hopeful + divorce (really)

“It isn’t what happens to us that causes us to suffer; it’s what we say to ourselves about what happens.” – Pema Chodron

When I don’t understand – I write. When I am angry – I write. When I’m sad – I’ve been known to write a lot. I kept an ongoing Word document during my dad’s illness, and I’d add to it whenever I needed a place to go. By the time he died, I had 53 single-spaced pages. And when my marriage came apart nearly four years ago, I kept a blog, wrote in my journal, and emailed with good friends. Word after word grappled with my sense of loss, shame, guilt, anger, and grief, as well as my relief and the project of self-discovery/self-recovery that the divorce spurred.

“Why do you write?” people sometimes ask; it is a curious habit – a nervous tic or a magical power, see it how you may. The urge to make sense of things  is the biggest reason, but as I’ve said here before, I write increasingly with a hope that I can reach and help other people. I don’t have a knack for fiction (in fact, it’s rare that I even find fiction these days that really moves me), but I am compelled by my life and those around me; there are daily truths to be observed and savored. Every day includes tiny  miracles of patience, moments of connection and grace. And the writing helps me to see them, reminds me to take notice.

It’s in this vein that I’m offering up a project to the world that I’ve been working on with three friends. Hopeful Divorce is a daily dose of loving kindness peppered with a little moxie and a lot of friendship in the form of a yearlong email subscription intended to support moms going through divorce. Sage Cohen, a Portland-based poet, and I are the primary writers and guides, while Jen Lemen and Ria Unson are the visionaries behind Hopeful World – a new online community for growth and exploration. The four of us have been talking for months, sharing stories about our own marriages, our narratives around love, and the expectations we had –  many false. Looking at each of our own divorces, we’ve uncovered what feel like common elements in this  ride that swings from one pole to another.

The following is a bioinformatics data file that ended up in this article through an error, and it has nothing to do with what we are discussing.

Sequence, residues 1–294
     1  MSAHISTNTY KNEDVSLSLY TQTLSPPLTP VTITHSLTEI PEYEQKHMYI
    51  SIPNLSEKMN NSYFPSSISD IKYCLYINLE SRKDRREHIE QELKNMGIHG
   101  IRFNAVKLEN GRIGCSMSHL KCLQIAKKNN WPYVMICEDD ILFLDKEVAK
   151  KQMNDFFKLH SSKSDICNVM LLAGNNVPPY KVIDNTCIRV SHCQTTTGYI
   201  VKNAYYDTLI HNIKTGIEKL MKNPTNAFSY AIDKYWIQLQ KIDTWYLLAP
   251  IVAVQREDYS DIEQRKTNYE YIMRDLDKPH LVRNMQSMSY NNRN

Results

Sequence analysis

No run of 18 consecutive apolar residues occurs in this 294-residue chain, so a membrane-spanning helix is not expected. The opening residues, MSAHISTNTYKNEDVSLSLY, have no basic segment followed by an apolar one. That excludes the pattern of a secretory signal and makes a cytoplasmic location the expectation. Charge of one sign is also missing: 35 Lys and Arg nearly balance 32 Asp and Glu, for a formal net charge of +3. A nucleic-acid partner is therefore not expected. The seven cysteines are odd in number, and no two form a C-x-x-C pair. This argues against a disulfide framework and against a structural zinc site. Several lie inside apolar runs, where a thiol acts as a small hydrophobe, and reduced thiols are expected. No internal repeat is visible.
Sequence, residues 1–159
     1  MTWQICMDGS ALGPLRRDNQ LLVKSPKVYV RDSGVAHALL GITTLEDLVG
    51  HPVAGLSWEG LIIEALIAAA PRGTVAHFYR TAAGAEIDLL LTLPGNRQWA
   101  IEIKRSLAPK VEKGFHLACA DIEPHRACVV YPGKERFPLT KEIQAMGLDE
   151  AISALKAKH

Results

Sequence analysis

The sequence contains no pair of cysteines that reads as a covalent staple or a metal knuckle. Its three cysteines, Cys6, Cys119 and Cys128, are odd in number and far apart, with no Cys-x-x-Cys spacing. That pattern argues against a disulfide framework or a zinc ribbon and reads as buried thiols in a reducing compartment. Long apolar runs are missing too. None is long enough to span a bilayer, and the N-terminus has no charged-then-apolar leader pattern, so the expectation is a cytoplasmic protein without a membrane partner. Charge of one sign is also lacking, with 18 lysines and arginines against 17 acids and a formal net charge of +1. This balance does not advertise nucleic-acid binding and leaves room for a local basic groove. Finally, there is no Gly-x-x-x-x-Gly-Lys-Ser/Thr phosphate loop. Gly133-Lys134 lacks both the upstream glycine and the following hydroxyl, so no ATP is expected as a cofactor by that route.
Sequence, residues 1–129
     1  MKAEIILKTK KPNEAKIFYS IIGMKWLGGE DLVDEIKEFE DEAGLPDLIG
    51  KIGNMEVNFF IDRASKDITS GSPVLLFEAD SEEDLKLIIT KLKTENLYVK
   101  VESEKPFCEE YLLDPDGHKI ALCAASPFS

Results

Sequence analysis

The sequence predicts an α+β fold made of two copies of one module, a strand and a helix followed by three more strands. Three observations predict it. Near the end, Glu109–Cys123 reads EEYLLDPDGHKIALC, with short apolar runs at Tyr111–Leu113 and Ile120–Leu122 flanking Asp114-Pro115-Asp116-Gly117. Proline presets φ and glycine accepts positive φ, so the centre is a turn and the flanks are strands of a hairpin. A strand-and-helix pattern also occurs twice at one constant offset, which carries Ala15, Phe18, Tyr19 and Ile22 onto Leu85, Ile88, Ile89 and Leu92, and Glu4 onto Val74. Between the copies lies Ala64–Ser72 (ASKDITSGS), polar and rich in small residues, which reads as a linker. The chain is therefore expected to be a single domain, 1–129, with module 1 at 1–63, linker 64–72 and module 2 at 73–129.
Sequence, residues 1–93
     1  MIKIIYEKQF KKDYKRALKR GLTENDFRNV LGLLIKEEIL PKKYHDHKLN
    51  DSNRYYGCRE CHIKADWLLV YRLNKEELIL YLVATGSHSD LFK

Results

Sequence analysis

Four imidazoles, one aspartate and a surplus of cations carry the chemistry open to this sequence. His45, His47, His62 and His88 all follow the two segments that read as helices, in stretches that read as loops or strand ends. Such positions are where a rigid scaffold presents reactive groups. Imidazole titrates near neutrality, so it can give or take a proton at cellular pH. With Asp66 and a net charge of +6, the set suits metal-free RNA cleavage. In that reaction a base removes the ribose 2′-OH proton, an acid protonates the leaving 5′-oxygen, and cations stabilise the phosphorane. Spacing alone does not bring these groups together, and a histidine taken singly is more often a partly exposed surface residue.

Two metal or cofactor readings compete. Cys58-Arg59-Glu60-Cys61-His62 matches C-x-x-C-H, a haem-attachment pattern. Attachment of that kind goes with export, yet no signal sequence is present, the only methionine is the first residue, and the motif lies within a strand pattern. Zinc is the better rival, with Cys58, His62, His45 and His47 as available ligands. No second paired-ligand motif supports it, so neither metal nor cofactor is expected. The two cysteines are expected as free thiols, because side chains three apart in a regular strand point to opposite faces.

It is scary as hell, but it is also a chance to to begin again. And really, that’s all any of us can do – begin again.

Each of us believe that in most cases divorce has the possibility to be a transforming experience. It is a life event that demands that you reconsider your values, your connection to friends and family, your faith, your relationship as a parent, your expectations of a life partner, your sensual well being, and your economic well being. It is scary as hell, but it is also a chance to to begin again. And really, that’s all any of us can do – begin again.

I see Hopeful Divorce as being for people in several phases – in the midst of divorce (or the end of a long partnership), considering divorce, or grieving and making sense of a divorce that’s already occurred. Divorce is still too often viewed as a taboo in our society instead of being accepted as the difficult but life-altering journey that so many of us go through. It’s a journey that deserves the support of a thoughtful, compassionate community. I hope you’ll share Hopeful Divorce with anyone you know who may be in need of such company.


2 thoughts on “hopeful + divorce (really)”

  1. Great title, that book Jen – really positive – wish I’d even read that, seen it on a billboard somewhere when I was in the throes of separating myself, years ago. When youre in the thick of it youre in it, though, and its hard to feel the lightness when it seems so dense a time….

    And I love that quote at the top, of Pemas –
    ‘It isnt what happens that causes us to suffer, but what we say to ourselves about what happens’ …
    and what we yabber on to others about it all as well, I suspect, adding fuel to the fire of discontent and anger and general craziness I guess!

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